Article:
Dew Drop Inn in Matamata

By: Jill Malcolm


Dew Drop Inn in Matamata Dew Drop Inn in Matamata
Dew Drop Inn in Matamata The baking team Dew Drop Inn in Matamata
Dew Drop Inn in Matamata Dew Drop Inn in Matamata

MCD heads to Matamata to check out the Dew Drop Inn

If you like quirk with your coffee, call into the Dew Drop Inn in Matamata. I thought the name was clever. As well as the pun, it is very much in keeping with the theme of the small North Island town that now refers to itself as Hobbiton. The inn, which is, of course, a cafe, is on Hetana Street opposite the tourist i-Site. I’d noticed the curious exterior before—the rough timber beams, wheel-shaped windows, and painted stones and thatch that emulate a Hobbit dwelling—but it seemed that every time I’d passed through the town, the cafe was closed.

New owner, Mariette van Groon, now throws the small doors open every day and entices peckish people inside with the tantalising aroma of home baking. The interior’s small size is like a cave, and to emphasise the illusion, one interior wall is covered in a realistic mural of the inside of a Hobbit house. On a rack is a selection of Hobbit clothing and props, complete with large faux ears. For a five-dollar donation, patrons can dress up, have their photographs taken seated in front of the painting, and pretend for a moment they are their favourite character from Tolkein’s famous story. One of the two courtyards that flank the cafe is also a dog bar with water bowls and a short canine menu.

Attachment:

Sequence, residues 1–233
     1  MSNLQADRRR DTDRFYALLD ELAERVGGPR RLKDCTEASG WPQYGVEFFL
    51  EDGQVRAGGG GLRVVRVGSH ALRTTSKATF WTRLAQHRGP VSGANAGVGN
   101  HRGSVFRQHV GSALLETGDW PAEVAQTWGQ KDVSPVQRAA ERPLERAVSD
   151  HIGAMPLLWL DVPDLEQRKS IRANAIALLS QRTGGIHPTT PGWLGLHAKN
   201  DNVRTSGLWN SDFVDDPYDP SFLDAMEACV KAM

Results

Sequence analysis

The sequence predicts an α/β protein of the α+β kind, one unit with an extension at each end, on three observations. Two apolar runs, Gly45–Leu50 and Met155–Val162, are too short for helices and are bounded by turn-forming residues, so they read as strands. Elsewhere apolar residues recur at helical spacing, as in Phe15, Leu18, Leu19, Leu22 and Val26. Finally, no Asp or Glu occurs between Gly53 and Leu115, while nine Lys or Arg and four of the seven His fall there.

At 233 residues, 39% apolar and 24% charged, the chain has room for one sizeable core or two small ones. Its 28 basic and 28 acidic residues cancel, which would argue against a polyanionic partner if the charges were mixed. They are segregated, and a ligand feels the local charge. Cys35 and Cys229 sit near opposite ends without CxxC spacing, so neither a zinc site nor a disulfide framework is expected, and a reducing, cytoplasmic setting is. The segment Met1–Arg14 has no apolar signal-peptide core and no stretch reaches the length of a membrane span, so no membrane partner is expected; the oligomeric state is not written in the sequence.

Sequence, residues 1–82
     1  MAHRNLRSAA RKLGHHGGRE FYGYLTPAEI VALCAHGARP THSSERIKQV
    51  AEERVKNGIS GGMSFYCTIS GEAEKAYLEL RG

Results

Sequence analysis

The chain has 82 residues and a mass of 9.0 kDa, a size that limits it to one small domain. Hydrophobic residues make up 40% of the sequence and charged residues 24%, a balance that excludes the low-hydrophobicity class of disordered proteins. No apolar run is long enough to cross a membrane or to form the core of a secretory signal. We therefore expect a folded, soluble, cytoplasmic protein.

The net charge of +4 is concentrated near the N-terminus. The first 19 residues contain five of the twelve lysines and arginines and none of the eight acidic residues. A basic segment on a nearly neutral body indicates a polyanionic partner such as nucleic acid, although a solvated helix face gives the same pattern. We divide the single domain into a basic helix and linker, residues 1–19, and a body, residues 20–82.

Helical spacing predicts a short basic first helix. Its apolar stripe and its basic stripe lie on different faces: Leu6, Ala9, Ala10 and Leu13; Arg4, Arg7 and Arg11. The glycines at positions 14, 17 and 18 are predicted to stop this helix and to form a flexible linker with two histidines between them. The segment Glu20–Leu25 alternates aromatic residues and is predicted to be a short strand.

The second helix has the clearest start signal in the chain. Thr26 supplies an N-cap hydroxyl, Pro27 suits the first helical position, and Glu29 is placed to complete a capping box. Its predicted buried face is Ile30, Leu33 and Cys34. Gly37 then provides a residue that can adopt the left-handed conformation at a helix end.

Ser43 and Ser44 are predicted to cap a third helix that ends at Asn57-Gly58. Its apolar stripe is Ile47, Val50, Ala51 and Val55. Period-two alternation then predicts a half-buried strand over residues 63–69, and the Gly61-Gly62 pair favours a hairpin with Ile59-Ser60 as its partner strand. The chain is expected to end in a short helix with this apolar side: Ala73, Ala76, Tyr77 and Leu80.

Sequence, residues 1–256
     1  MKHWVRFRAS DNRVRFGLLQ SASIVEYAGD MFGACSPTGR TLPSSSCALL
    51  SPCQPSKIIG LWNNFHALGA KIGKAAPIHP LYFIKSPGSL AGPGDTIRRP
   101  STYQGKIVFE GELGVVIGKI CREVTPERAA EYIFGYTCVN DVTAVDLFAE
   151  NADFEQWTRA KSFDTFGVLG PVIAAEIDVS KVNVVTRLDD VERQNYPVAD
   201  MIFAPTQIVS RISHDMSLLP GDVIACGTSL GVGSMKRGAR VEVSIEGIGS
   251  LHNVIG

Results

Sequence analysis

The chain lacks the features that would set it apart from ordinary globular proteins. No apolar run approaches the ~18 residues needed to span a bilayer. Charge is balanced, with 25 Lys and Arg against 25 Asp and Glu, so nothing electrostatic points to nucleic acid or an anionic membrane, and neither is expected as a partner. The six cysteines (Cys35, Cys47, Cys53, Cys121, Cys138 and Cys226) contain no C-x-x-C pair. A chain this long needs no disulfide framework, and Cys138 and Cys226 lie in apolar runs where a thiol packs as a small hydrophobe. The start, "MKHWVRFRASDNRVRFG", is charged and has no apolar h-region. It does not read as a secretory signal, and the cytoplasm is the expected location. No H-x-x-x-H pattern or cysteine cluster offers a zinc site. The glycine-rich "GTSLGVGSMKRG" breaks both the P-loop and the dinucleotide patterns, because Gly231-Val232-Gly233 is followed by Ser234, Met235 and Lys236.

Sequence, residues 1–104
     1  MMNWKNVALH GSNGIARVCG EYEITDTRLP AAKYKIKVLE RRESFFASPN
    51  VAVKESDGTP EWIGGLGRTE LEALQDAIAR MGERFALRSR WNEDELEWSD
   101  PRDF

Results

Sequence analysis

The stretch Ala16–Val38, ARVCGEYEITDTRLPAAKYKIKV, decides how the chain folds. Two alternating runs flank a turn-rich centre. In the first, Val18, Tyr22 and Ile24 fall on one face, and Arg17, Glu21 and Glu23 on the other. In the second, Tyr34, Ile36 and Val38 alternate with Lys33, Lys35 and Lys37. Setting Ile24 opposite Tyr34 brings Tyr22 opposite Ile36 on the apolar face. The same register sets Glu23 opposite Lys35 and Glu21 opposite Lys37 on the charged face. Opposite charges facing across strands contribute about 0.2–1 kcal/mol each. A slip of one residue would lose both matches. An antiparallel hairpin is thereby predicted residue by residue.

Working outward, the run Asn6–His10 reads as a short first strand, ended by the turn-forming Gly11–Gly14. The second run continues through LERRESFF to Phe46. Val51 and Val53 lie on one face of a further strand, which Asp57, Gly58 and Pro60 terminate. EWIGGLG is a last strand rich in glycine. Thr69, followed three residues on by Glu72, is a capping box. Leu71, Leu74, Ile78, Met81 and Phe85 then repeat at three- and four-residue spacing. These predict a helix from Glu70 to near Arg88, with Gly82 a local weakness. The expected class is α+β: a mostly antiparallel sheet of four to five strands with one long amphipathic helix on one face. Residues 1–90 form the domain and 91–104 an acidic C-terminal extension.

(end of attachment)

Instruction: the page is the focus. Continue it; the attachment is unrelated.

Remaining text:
Food for humans at the Dew Drop Inn is healthy, innovative, and made in the kitchen behind the counter.

"I only serve food that I would want to eat myself," Mariette says. She displays a special offer on a pavement blackboard every day. The day I visited, it was one-dollar muffins. Mine was ginger and rhubarb, a light and tasty morsel that was the best cafe muffin I’d had in a long while. Only weight control stopped me from ordering Bilbo’s apple pie, Gandolf’s red velvet cupcakes, or Mrs Baggins’ ginger loaf.

Tolkein had the Hobbits eating cram honey cakes and lembas bread that had life-sustaining qualities. Those recipes are, of course, highly secret. Mariette’s muffins might not have sustained my life but I left the Dew Drop Inn in good spirits and fortified for the onward journey.   

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